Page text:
Commentary: Sports betting in N.C. poised to be winner

 In August 2018

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Commentary

By Mark Washburn

Now that the U.S. Supreme Court has cleared the way for states to allow sports wagering, it’s a good bet that lawmakers will study the potential rewards in gambling states like North Carolina.

Yes, that’s right — like North Carolina. We hide it well, but we’re a player, albeit small, in the nation’s gaming industry. Casinos thrive in Cherokee country deep in the highlands, and lottery terminals grind away in nearly every convenience store. Every March brings office pools on NCAA basketball that are rumored to attract even the occasional Baptist.

Sports betting will slowly spread throughout the morally conservative South, probably led by Florida. North Carolina was the last Southern state to establish a lottery, doing so in 2005 with then-Lt. Gov. Beverly Perdue casting the deciding vote after the state Senate deadlocked 24-24. It has since pumped about $6 billion into education projects, and opposition has waned. Sports betting will likely follow a similar path to acceptance.

Two peculiar situations make sports wagering attractive for North Carolina: One is means, the other, motive.

States such as West Virginia, Mississippi and Connecticut can easily add Vegas-style sportsbooks in their casinos and regulated racing venues. A sin tax will be extracted and handed over to the state.

But North Carolina is well-positioned to cut out the independent operators and run sports betting by itself. It could give the job to the N.C. Education Lottery and run the operations out of its archaic, monopolistic network of state liquor stores. Gamblers could make their wagers at self-serve terminals and pay for their tickets at the counter. State ABC stores already sell lottery “products,” and the additional burden would be light.

On to the motive: One weakness of the state lottery is that it’s tough to see what the money does. Its impact is largely invisible, commingled with other taxes to serve public and charter-school operations. While the lottery provides scholarship aid to 28,000 students at state universities or community colleges and need-based grants to others, it is impossible to identify a single brick, book or hunk of chalk directly traceable to the lottery. When school systems have to economize by cutting programs or positions, the angry public wonders why lottery money can’t cover it.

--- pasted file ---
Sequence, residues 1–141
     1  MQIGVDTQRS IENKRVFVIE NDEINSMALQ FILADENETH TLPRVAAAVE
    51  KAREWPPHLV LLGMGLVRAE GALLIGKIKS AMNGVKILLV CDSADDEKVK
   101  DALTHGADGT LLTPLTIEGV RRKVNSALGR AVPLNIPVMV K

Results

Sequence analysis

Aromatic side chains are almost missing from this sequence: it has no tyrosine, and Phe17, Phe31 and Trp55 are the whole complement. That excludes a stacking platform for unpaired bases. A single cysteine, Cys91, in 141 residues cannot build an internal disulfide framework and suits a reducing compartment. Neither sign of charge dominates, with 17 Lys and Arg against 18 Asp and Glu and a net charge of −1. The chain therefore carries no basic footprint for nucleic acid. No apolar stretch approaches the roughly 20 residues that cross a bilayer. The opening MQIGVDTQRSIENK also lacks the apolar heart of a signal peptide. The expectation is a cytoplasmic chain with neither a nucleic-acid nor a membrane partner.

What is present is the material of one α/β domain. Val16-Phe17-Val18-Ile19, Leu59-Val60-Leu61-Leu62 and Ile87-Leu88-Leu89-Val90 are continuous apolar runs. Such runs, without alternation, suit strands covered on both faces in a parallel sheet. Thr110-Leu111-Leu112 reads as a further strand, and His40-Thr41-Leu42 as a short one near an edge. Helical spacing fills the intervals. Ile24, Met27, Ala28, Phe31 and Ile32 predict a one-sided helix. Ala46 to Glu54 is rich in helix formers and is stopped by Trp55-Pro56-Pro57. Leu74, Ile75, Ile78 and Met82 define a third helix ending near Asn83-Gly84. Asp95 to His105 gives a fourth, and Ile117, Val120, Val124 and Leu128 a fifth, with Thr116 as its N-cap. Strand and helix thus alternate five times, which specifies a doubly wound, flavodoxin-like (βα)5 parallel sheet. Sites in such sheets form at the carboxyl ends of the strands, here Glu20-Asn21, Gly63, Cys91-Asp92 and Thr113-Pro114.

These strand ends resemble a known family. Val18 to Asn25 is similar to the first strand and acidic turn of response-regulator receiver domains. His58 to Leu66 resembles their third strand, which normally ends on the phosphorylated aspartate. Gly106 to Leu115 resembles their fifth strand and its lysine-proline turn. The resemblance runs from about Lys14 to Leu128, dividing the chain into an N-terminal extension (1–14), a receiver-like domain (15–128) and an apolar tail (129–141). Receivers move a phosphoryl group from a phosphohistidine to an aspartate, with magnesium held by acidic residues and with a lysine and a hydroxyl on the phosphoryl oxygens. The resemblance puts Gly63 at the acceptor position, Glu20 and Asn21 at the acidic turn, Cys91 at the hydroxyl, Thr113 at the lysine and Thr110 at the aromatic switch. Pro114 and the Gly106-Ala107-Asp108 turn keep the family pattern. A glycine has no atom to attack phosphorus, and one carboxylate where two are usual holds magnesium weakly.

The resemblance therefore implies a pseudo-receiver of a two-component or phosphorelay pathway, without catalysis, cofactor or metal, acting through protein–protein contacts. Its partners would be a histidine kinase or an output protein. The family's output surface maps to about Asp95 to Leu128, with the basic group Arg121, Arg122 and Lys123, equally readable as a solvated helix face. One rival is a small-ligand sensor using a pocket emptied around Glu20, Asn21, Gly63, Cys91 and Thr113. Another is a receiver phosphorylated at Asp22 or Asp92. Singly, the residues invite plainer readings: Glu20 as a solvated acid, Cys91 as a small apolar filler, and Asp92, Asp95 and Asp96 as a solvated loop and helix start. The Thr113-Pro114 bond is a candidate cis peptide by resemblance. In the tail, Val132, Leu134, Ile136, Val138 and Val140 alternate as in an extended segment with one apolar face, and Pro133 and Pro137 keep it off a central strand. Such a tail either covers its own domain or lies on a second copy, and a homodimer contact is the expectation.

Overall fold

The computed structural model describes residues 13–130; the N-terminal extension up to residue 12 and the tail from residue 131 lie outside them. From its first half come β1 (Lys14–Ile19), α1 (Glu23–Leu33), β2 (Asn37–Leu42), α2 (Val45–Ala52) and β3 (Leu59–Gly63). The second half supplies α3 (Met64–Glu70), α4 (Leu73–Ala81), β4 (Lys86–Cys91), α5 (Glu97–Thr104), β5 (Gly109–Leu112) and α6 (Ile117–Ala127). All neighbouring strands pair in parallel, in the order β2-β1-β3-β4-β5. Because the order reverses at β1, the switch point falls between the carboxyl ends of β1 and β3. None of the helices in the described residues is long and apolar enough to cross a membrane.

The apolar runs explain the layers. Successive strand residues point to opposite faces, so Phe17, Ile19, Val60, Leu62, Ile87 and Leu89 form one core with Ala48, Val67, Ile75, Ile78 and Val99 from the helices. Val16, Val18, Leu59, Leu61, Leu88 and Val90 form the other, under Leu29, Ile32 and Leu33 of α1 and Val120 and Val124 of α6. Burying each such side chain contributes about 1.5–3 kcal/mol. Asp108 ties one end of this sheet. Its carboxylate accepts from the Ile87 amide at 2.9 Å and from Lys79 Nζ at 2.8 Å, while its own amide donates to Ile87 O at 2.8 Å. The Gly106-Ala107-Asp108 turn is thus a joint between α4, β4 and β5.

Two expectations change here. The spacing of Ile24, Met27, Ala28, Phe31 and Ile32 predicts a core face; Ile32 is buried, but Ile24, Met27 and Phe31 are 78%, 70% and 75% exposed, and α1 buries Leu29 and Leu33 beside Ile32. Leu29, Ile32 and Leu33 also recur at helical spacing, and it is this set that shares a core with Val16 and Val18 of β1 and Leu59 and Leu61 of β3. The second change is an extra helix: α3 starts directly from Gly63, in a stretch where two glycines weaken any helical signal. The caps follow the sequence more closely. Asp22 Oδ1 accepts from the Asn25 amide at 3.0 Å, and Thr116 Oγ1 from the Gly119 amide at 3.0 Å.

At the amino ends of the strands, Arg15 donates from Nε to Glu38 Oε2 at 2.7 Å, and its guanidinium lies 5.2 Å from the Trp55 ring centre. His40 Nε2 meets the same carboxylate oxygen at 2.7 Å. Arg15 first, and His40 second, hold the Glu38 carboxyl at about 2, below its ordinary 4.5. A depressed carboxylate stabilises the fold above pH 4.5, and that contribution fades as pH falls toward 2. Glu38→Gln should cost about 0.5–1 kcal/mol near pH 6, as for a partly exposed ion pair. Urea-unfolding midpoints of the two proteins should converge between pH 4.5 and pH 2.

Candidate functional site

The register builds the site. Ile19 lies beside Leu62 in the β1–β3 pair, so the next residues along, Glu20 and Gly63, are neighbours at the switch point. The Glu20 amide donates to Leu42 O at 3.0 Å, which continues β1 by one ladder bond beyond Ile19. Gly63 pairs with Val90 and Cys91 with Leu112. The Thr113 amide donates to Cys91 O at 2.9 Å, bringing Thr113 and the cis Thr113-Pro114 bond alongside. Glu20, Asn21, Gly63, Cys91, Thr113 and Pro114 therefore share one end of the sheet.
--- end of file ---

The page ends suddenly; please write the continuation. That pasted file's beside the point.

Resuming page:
Proceeds from sports betting, though, give the state a chance to develop a high-profile, popular and clearly focused fix. All profits from sports wagering could go toward scholarships for North Carolina’s A and B high-school students attending any accredited in-state public or private college. It could be the only outcome associated with the lottery where everyone’s a winner.

To be sure, the state would prohibit betting on college sports in any of the in-state leagues such as the ACC or CIAA. People still remember the 1961 point-shaving scandal involving N.C. State and UNC at the old Dixie Classic hoops tournament. But if the NCAA basketball tournament were perhaps exempt from the prohibition, the public would be satisfied.

Even with the state running the whole show, sports wagering is unlikely to be a golden geyser. Margins are thin — about 5% — and professional leagues are agitating to get a slice as “integrity fees,” ostensibly to police potential corruption.

So expect sports betting to spread and become routine, like state lotteries. Will North Carolina again be one of the last holdouts, morally conflicted over the practice? Don’t bet on it. It’s poised to be a winner.

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